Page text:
Lately, I have come across the same idea about the past and the future expressed in different ways. I have read books about religion, Christianity, philosophy, psychology, self-help and I remarked that some of their theories say, essentially, the same thing. Needles to say, I still have a lot to learn about this, but the main point is that the past and the future do not exist. They are only the products of our collective imagination. For me and many others, this is just a clichée. However, I am positive that a lot of people had never come across this idea before and I thought that summarizing what I have learned might be useful for some.
You will easily find out that this theory is actually quite simple to grasp if you think about it.
We are talking about time – what is time? It is a tool crafted by human beings that help us measure the passing of our lives. It is not something real – it is something that we have created, not nature.
As we all were taught, time is divided into three categories: the past, the present and the future. The past is about things that do not exist anymore. The thing is that the past does not actually contain past events in themselves, but our memories of them. The same reasoning goes with the future. The future does not contain events that will happen in themselves, but our expectations and predictions of them.
However, the present really contains present events that are happening for real right now and are not just things that we imagine, in contrast to the past and the future.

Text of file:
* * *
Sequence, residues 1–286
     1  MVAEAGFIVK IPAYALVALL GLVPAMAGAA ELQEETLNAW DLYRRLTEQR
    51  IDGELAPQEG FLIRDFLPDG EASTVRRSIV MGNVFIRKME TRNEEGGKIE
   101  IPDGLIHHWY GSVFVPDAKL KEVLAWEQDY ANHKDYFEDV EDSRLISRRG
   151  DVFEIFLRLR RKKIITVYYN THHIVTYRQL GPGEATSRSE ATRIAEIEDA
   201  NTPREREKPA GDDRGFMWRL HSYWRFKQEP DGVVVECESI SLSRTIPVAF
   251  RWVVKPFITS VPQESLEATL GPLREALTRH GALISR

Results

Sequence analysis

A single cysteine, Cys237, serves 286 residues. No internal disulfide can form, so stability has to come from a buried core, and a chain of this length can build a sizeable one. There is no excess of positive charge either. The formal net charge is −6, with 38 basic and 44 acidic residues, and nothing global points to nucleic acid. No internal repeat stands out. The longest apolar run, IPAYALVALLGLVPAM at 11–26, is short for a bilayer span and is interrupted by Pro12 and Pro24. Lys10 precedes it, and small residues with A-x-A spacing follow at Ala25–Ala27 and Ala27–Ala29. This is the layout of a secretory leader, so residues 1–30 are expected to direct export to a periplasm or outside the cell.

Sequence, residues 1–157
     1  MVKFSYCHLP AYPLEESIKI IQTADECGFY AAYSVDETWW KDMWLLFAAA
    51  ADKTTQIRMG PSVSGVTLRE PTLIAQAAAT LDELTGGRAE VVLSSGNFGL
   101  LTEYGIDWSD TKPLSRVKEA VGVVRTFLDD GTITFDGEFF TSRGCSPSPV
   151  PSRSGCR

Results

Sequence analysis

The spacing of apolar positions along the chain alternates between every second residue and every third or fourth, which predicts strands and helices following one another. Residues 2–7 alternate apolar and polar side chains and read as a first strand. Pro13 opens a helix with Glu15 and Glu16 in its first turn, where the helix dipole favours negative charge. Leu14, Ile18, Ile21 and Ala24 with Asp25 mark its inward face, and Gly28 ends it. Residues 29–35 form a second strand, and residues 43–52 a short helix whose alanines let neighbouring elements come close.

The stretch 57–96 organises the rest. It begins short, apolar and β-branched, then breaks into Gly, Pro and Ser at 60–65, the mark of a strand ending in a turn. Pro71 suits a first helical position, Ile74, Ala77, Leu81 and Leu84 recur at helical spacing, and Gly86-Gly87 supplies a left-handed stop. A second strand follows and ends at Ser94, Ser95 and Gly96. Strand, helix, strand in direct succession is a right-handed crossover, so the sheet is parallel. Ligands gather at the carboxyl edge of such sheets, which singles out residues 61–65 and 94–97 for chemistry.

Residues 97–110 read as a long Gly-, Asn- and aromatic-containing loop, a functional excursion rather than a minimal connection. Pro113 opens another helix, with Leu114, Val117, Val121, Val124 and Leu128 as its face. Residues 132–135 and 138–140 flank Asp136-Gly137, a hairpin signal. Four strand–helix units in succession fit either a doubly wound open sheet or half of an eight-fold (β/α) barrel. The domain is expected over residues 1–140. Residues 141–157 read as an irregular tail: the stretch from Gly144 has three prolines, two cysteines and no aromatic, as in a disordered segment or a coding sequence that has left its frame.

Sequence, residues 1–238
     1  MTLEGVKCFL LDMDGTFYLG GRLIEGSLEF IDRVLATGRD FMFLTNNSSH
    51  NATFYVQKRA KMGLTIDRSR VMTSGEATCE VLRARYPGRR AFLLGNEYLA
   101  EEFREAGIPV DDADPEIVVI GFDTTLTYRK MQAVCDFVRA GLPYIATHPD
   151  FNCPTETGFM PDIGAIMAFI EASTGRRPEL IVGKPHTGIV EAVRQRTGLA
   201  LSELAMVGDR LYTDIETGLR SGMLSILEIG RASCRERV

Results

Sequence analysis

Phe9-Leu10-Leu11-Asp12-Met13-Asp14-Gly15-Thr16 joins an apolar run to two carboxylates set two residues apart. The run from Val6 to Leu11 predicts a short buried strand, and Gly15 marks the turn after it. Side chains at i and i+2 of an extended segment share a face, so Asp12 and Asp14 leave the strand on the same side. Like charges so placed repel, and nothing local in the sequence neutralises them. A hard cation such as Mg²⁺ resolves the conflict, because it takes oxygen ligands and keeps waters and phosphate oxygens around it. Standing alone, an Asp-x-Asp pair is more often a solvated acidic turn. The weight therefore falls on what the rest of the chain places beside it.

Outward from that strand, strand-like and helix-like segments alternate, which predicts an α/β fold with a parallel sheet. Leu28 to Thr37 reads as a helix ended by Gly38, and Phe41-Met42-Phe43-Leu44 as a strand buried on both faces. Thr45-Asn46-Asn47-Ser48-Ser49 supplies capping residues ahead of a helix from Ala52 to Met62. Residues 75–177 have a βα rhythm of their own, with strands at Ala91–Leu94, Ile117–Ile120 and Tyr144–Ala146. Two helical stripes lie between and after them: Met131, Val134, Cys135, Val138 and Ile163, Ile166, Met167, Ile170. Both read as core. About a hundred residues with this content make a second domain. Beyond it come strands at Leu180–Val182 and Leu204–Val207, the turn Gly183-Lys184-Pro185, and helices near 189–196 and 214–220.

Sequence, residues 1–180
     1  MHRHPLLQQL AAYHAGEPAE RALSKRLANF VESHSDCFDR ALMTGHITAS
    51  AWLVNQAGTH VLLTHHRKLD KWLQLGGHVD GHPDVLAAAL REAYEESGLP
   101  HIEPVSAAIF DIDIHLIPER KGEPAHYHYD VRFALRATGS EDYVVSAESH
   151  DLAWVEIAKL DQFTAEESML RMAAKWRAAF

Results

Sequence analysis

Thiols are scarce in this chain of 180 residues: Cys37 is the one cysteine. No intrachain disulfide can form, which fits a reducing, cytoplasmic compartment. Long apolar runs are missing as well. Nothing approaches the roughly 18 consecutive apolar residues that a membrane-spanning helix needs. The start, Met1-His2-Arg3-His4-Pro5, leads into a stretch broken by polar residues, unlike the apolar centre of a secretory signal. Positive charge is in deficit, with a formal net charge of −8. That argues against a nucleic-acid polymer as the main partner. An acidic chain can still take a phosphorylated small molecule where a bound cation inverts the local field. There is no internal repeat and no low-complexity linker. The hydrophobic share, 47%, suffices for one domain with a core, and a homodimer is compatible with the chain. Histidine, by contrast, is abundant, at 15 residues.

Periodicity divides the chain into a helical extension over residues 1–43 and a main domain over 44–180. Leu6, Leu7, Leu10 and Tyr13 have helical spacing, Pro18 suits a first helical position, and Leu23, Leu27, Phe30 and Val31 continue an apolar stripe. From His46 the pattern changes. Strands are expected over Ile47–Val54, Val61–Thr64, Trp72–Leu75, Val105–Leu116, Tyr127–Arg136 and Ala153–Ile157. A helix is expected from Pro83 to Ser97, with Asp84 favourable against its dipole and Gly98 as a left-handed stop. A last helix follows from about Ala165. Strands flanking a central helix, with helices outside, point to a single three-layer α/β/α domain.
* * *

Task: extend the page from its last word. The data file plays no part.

Now, all of these are pretty much obvious and theoretical. Moving on to the consequences of these arguments in our daily lives, I have surprisingly found out that this theory implies that a huge part of our lives is spent living not in the reality, but in our own minds.
Why? Because most of the time our mind is flooded with a wide range of thoughts. From worrying about whether we have locked the door or not to trying to come up with solutions for a problem at the workplace, we are nearly always speaking with ourselves. We are living either in the past or in the future, but, regrettably, so rarely in the present.
Think about it like that: you are having dinner at the restaurant with a friend. However, while he is talking, your attention is divided to what he is saying and to what your own mind is mumbling. While you are eating or drinking, you also keep chatting with yourself, thinking about a lot of things from the past or the future, like if you have done your homework yet or where to get on your next holiday.
The conclusion is that we spend a lot of time thinking about things that have already happened or that are to come, but so little time actually living and feeling the present moment, the here and now.
This can be really harmful and we risk missing on a lot of real things that are happening in the present (like the beauty of a flower) in favour of vainly worrying about imaginary stuff in our mind (like what I have to work on the next day).